Apple shines light on accessibility features for users with disabilities in high-energy ad
Ahead of International Day of Persons with Disabilities this week, the tech giant has kicked off a powerful new ad campaign that aims to empower users with disabilities.
Apple today unveiled a new ad designed to spotlight the various accessibility features of its devices, including screen reading and screen magnifying capabilities, noise recognition features, door detection and Siri voice commands.
The joyful two-and-a-half-minute spot, created by Apple’s in-house creatives, depicts users with various disabilities making the most of their iPhones, Apple Watches and Mac products. A woman uses Apple’s AssistiveTouch feature to navigate images on her iPhone using her toes; a blind musician taps into the power of Apple’s Audio Descriptions and VoiceOver tools to get a sense of what’s on his screen and in the room around him; a fashionable man in a power wheelchair uses Apple Voice Control to tell his iPhone when to snap photos. To assist folks with low vision or blindness, the film includes support for audio descriptions.
The spot, entitled ‘The Greatest,’ is set to the cheery tune of I Am the Greatest (with Marliya Choir) by Spinifex Gum featuring Cola Boyy and Matthew Whitaker – a selection that injects the scenes with a sense of empowerment.
“At Apple, we believe accessibility is a human right,” reads a description beneath the YouTube video of the ad. “Innovative features such as door detection, sound recognition and voice control are designed to let you use your devices in ways that work best for you.”
The campaign was launched ahead of International Day of Persons with Disabilities, which falls on Saturday December 3. This year marks the 30th anniversary of the observance since its initiation by the United Nations in 1992.
Apple’s new campaign aligns well with the theme for this year’s observance, which, according to the United Nations’ website, is focused on “the role of innovation in fueling an accessible and equitable world.”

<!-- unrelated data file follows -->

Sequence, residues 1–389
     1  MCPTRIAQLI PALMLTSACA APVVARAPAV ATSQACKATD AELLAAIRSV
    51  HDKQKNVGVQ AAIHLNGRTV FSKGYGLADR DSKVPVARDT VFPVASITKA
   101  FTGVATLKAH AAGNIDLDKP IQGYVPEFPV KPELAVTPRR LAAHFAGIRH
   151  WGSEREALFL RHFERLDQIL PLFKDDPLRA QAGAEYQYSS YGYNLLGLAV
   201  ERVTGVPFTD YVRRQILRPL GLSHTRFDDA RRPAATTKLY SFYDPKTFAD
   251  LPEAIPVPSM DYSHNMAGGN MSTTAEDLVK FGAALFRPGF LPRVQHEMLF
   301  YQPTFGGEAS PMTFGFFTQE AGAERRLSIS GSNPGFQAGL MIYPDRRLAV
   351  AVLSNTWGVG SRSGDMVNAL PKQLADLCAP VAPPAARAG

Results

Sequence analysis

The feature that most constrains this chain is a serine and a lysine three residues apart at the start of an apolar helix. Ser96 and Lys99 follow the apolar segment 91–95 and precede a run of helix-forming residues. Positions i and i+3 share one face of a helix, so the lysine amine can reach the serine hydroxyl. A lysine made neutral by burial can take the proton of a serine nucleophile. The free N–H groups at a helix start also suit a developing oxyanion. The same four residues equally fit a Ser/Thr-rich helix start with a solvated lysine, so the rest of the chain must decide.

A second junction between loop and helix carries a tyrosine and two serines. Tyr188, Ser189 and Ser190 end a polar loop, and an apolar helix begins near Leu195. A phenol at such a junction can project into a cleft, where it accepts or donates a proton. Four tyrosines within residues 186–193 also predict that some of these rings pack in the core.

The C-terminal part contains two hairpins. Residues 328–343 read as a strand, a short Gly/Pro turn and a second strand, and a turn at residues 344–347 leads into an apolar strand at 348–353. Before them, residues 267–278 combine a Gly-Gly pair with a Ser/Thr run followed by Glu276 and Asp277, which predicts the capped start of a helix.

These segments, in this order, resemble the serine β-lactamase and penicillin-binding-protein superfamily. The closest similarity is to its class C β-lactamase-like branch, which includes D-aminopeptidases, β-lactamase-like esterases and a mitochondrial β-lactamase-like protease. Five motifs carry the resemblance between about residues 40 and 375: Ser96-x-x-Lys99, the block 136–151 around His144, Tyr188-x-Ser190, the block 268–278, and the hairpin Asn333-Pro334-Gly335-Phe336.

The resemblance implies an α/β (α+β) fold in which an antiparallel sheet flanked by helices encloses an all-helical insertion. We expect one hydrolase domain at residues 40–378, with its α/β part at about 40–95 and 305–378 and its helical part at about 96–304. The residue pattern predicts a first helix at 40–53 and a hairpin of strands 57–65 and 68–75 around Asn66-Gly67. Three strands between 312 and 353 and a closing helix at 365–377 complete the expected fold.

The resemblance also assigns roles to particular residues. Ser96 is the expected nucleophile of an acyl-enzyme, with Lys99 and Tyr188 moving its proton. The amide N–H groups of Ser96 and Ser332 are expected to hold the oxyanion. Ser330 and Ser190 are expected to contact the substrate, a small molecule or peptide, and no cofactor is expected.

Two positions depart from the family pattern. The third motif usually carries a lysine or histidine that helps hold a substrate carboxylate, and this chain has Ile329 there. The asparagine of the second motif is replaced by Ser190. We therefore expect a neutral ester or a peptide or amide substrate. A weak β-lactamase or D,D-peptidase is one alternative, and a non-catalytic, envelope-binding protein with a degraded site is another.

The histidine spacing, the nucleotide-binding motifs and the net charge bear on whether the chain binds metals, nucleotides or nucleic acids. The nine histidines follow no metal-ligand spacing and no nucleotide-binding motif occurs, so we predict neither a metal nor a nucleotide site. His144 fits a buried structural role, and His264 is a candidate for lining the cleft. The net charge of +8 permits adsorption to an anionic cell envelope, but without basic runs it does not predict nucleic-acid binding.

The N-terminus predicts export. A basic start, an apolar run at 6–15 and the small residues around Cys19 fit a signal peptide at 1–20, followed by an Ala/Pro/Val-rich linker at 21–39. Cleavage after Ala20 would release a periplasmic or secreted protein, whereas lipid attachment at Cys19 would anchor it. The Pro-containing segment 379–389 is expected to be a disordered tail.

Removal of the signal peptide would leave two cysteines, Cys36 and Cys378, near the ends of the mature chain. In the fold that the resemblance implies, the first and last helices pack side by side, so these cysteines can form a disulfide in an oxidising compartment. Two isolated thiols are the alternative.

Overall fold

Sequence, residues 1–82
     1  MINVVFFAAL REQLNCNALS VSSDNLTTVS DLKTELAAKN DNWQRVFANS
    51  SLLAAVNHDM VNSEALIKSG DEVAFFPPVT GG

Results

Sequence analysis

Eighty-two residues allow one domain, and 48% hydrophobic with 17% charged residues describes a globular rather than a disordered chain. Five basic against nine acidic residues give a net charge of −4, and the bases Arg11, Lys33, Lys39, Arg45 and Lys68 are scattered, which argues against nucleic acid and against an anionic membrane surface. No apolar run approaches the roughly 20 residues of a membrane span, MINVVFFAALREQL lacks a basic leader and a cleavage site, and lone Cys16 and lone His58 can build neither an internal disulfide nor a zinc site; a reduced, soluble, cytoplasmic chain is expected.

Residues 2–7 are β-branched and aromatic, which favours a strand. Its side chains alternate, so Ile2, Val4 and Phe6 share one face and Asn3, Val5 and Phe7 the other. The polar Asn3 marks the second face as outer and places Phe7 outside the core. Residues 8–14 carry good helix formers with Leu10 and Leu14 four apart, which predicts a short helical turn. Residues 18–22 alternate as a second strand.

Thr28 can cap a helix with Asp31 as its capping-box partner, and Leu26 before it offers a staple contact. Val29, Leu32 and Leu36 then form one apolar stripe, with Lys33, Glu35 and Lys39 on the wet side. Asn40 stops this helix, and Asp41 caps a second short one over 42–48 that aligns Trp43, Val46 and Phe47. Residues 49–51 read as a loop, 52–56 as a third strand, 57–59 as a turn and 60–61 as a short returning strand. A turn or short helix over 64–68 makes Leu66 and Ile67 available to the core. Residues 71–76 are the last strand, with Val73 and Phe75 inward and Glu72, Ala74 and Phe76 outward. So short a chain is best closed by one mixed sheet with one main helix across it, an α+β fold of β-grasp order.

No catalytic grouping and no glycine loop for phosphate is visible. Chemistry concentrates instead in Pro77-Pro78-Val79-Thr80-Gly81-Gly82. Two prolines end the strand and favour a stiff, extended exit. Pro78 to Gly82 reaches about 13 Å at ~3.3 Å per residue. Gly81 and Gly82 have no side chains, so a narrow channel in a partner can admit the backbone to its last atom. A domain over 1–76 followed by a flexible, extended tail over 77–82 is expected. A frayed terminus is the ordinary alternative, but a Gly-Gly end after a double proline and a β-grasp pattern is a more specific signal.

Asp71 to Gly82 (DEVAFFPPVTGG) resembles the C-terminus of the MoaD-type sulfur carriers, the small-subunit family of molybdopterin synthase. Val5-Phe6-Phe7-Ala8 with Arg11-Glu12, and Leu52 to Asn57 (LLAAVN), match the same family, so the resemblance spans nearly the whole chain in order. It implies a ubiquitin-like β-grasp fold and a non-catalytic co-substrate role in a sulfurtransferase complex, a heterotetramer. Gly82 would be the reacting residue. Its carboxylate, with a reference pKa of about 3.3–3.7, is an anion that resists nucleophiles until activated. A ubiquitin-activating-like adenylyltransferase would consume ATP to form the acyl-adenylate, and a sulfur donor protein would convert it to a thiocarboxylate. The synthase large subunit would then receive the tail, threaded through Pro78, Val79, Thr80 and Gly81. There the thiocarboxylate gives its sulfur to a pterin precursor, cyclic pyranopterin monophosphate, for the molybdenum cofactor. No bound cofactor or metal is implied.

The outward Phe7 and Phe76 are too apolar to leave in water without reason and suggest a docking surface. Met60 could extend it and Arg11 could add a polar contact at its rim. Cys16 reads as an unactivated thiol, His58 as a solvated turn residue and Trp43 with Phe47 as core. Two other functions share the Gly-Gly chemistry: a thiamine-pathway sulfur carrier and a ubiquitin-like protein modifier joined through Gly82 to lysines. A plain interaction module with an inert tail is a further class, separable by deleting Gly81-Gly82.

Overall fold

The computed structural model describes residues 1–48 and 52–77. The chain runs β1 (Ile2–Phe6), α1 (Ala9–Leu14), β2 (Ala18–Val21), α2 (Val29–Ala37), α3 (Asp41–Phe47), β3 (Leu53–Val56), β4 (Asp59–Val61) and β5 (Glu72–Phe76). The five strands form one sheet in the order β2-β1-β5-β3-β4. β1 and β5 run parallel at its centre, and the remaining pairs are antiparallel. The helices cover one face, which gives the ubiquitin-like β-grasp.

It’s also especially timely considering the recent accessibility controversies that have rocked the tech and media landscape. Earlier this week, former Waze chief executive officer and head of the Twitter challenger Post News Noam Bardin said that his company is “not focused on” accessibility until it can get “everyone in.”
The statement invited immediate and harsh backlash. Economist and professor at American University and Georgetown University Jon Schwabish tweeted in response to Bardin’s statement: “From what I’ve learned from folks in the #accessibility field, two things are going to happen here: 1. A large number of people are going to be excluded from the platform. 2. Accessibility will never be a priority and never done correctly because it wasn’t baked in at the start.”
For Apple, the new ad may also serve as an inadvertently delicious dig at Elon Musk. The Tesla chief executive – whose recent takeover of Twitter has been riddled with controversy – has been lambasting Apple in a series of tweets this week, decrying the company’s policy of taking a 30% commission on all apps listed in its App Store. The billionaire also reportedly slashed Twitter’s entire accessibility team earlier this month in his firing spree, which saw 50% of the company ousted.
Fans appear largely impressed with Apple’s new campaign and the products it promotes. American technology and science writer David Pogue, who reports for CBS News Sunday Morning, tweeted in praise of the ad earlier today, writing: “I know it’s fundamentally an ad, but it’s also super powerful.”
Apple’s accessibility dept has just put out this video, to celebrate International Day of Persons with Disabilities (Dec 3). I know it’s fundamentally an ad, but it’s also super powerful. https://t.co/AAgAA9Cist
— David Pogue (@Pogue) November 30, 2022
Users on the Apple-centric news aggregator and blog site MacRumors chimed in to express their support for the effort. One user, who claimed to be a former creative at Apple, said: “I excelled in accessibility features. Teaching new Apple ‘converts’ these features was the most satisfying work I ever did.”
Another expressed awe at the range and depth of the tech titan’s accessibility features: “I had no idea the watch could detect sounds like a baby crying and alert the user. The depth of their accessibility features is astounding to me.”
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On a dedicated accessibility webpage on Apple’s site, users can find detailed descriptions of many of the tech maker’s top accessibility features, as well as accessibility support resources, a shopping section for accessibility-focused device accessories and tips and tricks for how to get the most out of various tools.
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